cin >> a;
    	cin.ignore(80, '\n');
    	cout << "letter : ";
    	cin >> b;
    	cin.ignore(80, '\n');
    	cout << "letter : ";
    	cin >> c;
    	cin.ignore(80, '\n');
    	cout << a << "   " << b << "   " << c << endl;
    	cin.get();
    }
    by typing "abcd" at the command prompt.
    It is another usage of cin.ignore() that I found is interesting also. I hope that you understand what ILoveVectors was talking about.

  4. #19
    Registered User
    Join Date
    Apr 2003
    Posts
    2,662
    If you read the other post by Phan, I asked you to test ILoveVectors' sample codes:
    The "skipping problem" can't occurr when you are using cin>> to read in ints, which is what the code in question was doing.
    Last edited by 7stud; 07-28-2005 at 03:42 PM.

  5. #20
    Registered User
    Join Date
    Jul 2005
    Location
    US
    Posts
    6

    Lightbulb I see!

    Hey, I see what you mean now, 7stud. But how come it doesn't skip for int types?

  6. #21
    Registered User
    Join Date
    Apr 2003
    Posts
    2,662
    Because for numeric types, the >> operator is programmed to keep reading until it encounters whitespace(spaces, tabs, newlines) whereupon it stops. Then, when the next read occurs, the >> operator is programmed to skip leading whitespace, so if a \n is the next character in the stream, it is skipped.

    To summarize, for non char types, the >> operator:

    1) skips any leading whitespace
    2) stops reading when it encounters whitespace
    3) the stream position is marked so the whitespace character is the next character to be read.

    On the other hand, the getline() function:

    1) does not skip any leading whitespace
    2) stops reading when it encounters the specified terminating character, so it reads in any whitespace up until that point. The way getline() handles the terminating character is also different than the >>operator. getline() reads in the terminating character, but then discards it.
    3) the stream position is marked at a point just past the terminating character.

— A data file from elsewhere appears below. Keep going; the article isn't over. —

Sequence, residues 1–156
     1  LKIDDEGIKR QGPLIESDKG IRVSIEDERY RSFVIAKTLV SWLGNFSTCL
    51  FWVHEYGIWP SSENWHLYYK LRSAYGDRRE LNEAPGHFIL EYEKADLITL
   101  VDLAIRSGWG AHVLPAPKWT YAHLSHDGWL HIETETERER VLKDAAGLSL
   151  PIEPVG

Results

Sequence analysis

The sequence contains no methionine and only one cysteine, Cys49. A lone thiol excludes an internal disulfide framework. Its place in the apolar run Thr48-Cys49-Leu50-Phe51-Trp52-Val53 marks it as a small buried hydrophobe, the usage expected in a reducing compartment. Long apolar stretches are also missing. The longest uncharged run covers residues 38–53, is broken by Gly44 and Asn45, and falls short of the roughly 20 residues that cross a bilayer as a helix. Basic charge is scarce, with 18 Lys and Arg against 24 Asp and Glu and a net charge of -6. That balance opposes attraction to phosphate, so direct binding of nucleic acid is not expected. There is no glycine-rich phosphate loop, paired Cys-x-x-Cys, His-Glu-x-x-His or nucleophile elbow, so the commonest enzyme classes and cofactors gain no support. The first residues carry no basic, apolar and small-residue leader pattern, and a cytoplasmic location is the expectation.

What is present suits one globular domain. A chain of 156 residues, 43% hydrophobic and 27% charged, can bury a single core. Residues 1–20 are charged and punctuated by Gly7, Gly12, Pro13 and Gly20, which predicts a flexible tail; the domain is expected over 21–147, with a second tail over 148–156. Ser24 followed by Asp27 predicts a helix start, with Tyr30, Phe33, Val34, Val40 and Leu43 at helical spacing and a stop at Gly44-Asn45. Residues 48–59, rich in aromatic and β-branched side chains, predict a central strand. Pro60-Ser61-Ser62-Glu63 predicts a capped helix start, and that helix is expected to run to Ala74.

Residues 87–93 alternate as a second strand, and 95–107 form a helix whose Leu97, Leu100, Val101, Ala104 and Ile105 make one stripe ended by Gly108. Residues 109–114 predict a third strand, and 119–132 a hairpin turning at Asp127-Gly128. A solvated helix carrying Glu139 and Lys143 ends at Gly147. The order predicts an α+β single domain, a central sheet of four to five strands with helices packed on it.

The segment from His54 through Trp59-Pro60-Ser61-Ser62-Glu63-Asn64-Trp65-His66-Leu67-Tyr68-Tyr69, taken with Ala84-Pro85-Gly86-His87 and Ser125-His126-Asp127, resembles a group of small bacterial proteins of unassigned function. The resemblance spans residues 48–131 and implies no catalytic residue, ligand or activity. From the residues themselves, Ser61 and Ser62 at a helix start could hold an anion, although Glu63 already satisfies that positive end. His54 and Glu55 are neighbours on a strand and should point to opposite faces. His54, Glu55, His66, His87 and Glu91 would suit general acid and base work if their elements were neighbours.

Code:
    #include <string>
    #include <iostream>
    
    using namespace std;
    
    int main()
    {
    	
    	string str;
    	cout<<"enter some text: ";
    	getline(cin, str, '\n');
    
    	string str2;
    	cout<<"enter some more text: ";
    	getline(cin, str2, '\n');
    
    	cout<<str<<endl
    		<<str2<<endl;
    
    	return 0;
    }
    Note how the second getline() waits for user input. The second getline() does not read in the \n that is part of the first input, and therefore there is no skipping problem.
    Last edited by 7stud; 07-28-2005 at 06:06 PM.

Page 2 of 2 FirstFirst 12
Popular pages Recent additions subscribe to a feed

Similar Threads

  1. Someone having same problem with Code Block?
    By ofayto in forum C++ Programming
    Replies: 1
    Last Post: 07-12-2007, 08:38 AM
  2. A question related to strcmp
    By meili100 in forum C++ Programming
    Replies: 6
    Last Post: 07-07-2007, 02:51 PM
  3. WS_POPUP, continuation of old problem
    By blurrymadness in forum Windows Programming
    Replies: 1
    Last Post: 04-20-2007, 06:54 PM
  4. cin.get(); problem
    By J.P. in forum C++ Programming
    Replies: 19
    Last Post: 12-14-2006, 06:07 AM
  5. Laptop Problem
    By Boomba in forum Tech Board
    Replies: 1
    Last Post: 03-07-2006, 05:24 PM

1 2 3 4 5 6 7 8 9 10 11 12 13 14 15 16 17 18 19 20 21